The latest subject for my theatrical scrutiny is no, not another dead camp comedian but the great 18th century writer, wit and lexicographer Samuel 'Dr.' Johnson (1709-1784).
If, like most people I speak to, you know nothing about Samuel Johnson (apart from that Blackadder episode) and feel a bit as if you ought to, then this is the show for you. If you are already a Johnsonian, then you may come and hear my take on him, bearing in mind his observation, "that men more frequently require to be reminded than informed." (Rambler No. 2 1750)
I cannot be too specific as to what the show will comprise, as I am still suspended in the creative process. But I will be talking about Johnson, his life, his reputation, his achievements and his philosophies. My aim is to reveal the enduring relevance of his writings and to perhaps attempt a recreation, based upon the reminiscences of those who knew him, of what he might have been like in person.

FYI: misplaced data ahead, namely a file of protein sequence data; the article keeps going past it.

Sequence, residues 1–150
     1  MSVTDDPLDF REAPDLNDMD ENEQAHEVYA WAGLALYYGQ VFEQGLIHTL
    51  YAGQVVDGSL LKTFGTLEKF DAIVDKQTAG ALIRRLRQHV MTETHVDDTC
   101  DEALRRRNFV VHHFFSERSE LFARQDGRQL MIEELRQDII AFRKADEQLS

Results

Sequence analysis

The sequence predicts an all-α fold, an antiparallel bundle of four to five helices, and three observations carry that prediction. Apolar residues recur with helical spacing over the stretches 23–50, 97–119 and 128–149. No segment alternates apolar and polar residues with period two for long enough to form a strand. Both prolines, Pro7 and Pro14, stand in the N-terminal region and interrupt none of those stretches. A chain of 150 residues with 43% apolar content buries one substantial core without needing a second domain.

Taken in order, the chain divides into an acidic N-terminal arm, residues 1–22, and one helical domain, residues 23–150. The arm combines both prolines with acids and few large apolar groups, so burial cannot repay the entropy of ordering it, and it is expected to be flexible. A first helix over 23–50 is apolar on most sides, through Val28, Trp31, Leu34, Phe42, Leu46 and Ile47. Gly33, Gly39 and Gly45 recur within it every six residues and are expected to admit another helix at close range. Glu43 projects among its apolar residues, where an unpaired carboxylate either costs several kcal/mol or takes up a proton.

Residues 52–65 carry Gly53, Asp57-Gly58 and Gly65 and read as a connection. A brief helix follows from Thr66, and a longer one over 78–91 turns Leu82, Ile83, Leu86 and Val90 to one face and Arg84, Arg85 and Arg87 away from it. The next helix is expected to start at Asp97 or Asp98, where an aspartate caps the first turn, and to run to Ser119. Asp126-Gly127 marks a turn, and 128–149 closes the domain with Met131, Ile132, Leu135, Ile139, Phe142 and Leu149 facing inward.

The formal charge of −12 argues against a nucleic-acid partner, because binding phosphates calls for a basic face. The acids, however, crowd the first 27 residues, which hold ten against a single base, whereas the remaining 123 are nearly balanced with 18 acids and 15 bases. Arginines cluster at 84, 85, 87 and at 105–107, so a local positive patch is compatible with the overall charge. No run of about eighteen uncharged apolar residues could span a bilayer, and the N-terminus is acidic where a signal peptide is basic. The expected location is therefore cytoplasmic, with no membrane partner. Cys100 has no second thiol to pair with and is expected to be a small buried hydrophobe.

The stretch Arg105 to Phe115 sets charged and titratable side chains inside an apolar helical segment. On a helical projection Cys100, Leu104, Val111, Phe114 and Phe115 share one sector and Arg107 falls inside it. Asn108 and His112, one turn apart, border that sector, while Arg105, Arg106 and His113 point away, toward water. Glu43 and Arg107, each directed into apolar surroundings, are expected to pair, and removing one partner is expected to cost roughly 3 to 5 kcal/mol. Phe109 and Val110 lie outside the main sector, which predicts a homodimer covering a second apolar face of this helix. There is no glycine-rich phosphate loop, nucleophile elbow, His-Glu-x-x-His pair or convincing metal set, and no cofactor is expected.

I hope you will go away throughly enchanted by the man and hungry to read his writings.
The show will be playing four pre-Edinburgh shows and then a short run (dates and details to be announced) at the Edinburgh Fringe in August.
Interview with Peter Dixon on BBC Radio Teesdale 6th May 2009 - mostly about Noel Coward but also touches on Samuel Johnson
My appearance on the show Edinburgh Festival arts show hosted by Janice Forsyth. The other guests you hear are Stewart Nicholls (my Noel Coward show pianist)and Alistair McGowan and his wife, Charlotte Page. The first part is about Coward and the remainder about Johnson
Article in Standpoint by Jonathan Bate on the influence of Johnson on his life and the theatre.
View of Lichfield Cathedral from the upper window of the Johnson House, Lichfield
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